But once again technology came to the rescue.
In the 1990s, digital recorders utilizing tape cartridges were introduced. Each unit recorded eight tracks and several could be synched up. They were rack mountable, reasonably light and low maintenance. A portable rack could now hold enough recorders to run a direct out from every board channel and record every night for future use.
Some enterprising engineers even used the previous night’s show routed back to the console to do a preliminary sound check. The only downfall was that you had to spend every spare moment formatting tapes for the recorders, and archiving was a pain. Depending on the length of the show and the number of tracks required, a single performance might use 30 tapes or even more.
By this time, almost every home had at least a decent stereo and a VCR. More and more tours were filmed, whether a theatrical release was realistic or not. Home entertainment technology had created an alternative market for video concert releases.
Although live records were still being released, the concert experience had much more impact if the visual elements were included. Most top tours and almost all major festivals had an audio and video recording element to document the event and provide a revenue stream long after the actual show. The concert experience was now as close as your local video store.
COMBINATION OF FORCES
The 21st Century has only expanded this paradigm. A combination of forces has created a “perfect storm” supporting concert recording. On the recording technology front, digital audio workstations are smaller, lighter, more robust, and in fact, are often the same machines being used in the recording studio.
An entire show can be recorded on a single hard drive. Digital consoles can easily provide audio streams to the recorders without multiple analog to digital (A-D) conversions or analog signal splits.
The advent of the DVD and home theater systems provide a delivery medium with the quality and impact to really bring the concert experience into the home. Large high-definition screens and surround sound can do a remarkable job of reproducing the feeling of being at an event. They also provide new ways to make money from a live performance, and in a day and age where file sharing and piracy have eaten away at the traditional money flow in the music business.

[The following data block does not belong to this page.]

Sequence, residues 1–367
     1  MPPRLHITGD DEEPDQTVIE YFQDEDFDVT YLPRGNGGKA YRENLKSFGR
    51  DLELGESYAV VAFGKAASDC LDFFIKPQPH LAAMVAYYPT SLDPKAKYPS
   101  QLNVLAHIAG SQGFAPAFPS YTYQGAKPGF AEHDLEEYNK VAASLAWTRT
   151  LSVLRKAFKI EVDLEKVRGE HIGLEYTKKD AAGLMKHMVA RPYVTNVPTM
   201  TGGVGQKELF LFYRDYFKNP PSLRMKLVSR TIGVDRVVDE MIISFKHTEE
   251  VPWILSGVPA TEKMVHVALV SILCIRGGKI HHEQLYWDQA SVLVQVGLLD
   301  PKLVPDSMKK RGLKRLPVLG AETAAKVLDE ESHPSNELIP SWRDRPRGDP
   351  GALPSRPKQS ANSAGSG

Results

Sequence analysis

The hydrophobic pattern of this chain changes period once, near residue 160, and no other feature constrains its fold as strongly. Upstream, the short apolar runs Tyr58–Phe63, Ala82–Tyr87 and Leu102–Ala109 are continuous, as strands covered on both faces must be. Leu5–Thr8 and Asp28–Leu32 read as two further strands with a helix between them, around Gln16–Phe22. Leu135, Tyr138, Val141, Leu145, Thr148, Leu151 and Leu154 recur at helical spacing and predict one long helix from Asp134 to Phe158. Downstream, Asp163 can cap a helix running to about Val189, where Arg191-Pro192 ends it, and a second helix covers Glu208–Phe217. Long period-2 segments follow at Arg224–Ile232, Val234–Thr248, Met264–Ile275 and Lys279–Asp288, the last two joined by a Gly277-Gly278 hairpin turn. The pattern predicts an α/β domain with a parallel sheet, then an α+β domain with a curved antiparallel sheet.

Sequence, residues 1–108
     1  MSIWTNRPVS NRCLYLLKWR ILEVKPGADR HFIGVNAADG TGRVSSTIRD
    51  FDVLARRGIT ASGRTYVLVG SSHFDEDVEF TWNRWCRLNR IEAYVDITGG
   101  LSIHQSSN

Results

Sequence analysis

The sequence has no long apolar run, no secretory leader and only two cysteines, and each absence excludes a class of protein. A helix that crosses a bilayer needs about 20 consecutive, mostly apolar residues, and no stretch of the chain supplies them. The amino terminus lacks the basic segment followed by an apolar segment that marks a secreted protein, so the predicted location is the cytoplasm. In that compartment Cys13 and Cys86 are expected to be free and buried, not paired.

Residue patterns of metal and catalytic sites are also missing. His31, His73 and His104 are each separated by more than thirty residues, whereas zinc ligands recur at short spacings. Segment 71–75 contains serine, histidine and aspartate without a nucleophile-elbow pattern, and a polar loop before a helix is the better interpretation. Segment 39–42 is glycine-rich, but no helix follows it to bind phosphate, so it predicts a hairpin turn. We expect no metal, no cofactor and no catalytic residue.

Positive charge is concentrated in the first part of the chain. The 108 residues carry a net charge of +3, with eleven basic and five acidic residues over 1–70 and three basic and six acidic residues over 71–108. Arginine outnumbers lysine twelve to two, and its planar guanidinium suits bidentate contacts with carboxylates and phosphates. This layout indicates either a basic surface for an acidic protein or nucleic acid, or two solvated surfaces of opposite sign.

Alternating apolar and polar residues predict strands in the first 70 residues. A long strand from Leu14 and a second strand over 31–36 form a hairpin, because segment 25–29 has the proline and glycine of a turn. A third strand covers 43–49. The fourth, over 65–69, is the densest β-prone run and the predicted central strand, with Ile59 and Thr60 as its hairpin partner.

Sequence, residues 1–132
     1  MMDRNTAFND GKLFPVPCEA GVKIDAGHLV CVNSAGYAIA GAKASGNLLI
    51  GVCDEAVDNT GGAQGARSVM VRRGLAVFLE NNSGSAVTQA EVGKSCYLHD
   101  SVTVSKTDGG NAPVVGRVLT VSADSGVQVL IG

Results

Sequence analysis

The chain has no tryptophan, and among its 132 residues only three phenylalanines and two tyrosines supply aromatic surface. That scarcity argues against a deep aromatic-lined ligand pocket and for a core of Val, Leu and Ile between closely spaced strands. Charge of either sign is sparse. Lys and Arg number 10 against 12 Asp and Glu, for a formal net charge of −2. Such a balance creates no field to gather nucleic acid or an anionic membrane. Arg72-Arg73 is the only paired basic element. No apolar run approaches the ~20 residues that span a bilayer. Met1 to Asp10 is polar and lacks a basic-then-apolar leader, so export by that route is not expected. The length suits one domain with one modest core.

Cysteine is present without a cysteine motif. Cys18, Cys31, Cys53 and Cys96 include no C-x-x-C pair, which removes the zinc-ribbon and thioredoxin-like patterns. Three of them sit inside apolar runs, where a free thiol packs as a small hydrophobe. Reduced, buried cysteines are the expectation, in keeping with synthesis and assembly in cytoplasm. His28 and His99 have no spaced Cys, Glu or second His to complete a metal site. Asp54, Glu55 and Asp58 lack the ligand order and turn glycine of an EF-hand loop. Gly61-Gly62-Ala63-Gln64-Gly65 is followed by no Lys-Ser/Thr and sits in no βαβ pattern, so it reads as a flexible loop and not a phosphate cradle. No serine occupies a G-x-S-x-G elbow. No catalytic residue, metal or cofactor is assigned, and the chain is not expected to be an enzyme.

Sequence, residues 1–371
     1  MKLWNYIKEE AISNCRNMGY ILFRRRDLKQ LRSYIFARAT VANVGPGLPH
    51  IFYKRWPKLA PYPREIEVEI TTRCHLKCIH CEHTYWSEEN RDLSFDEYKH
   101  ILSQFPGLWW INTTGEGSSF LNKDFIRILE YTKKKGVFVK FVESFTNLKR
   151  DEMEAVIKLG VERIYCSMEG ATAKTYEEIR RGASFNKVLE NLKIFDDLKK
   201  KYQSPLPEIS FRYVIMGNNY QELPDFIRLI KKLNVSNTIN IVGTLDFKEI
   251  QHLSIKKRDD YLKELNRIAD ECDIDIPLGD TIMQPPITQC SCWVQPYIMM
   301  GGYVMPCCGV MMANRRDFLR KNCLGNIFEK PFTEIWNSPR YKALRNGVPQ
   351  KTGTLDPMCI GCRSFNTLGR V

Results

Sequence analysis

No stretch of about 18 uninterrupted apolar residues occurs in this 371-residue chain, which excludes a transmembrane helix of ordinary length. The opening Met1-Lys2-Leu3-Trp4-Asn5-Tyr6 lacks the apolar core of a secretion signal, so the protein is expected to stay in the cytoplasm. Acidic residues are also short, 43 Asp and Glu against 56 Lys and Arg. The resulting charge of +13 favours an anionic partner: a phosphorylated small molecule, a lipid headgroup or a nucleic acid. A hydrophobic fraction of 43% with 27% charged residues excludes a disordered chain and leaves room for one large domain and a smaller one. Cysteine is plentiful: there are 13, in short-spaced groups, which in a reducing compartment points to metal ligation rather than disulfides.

It used to be common for record companies to provide tour support from record sale receipts. Now, it’s more common for touring and the recorded products that come from touring to be the largest source of income for performers.
Some bands have taken it to the next level by selling recordings of the actual show to attendees on their way out. “Jam bands” are still popular, and no two performances are alike. So getting a recording of these performances show may have more significance than whether the band says, “Good night, Seattle” or “Good night, Detroit”. Concerts are being staged for the sole purpose of producing a DVD or even a pay-per-view broadcast.
A LONG TIME
Nothing can really replace the adrenaline, the excitement and the immediacy of being at a great concert. Our jobs are going to be around for a long time.
But we should always remember to look back at the historical trends of our industry. It’s the only way we can stay ahead of the curve and keep providing the gear and the services that our clients need.
And anything that enhances the revenue stream from live performances for the artists, promoters - and especially for us - is a very good thing indeed.
Bruce Main has been a systems engineer and front of house mixer for more than 35 years. He has also built, owned and operated recording studios and designed and installed sound systems.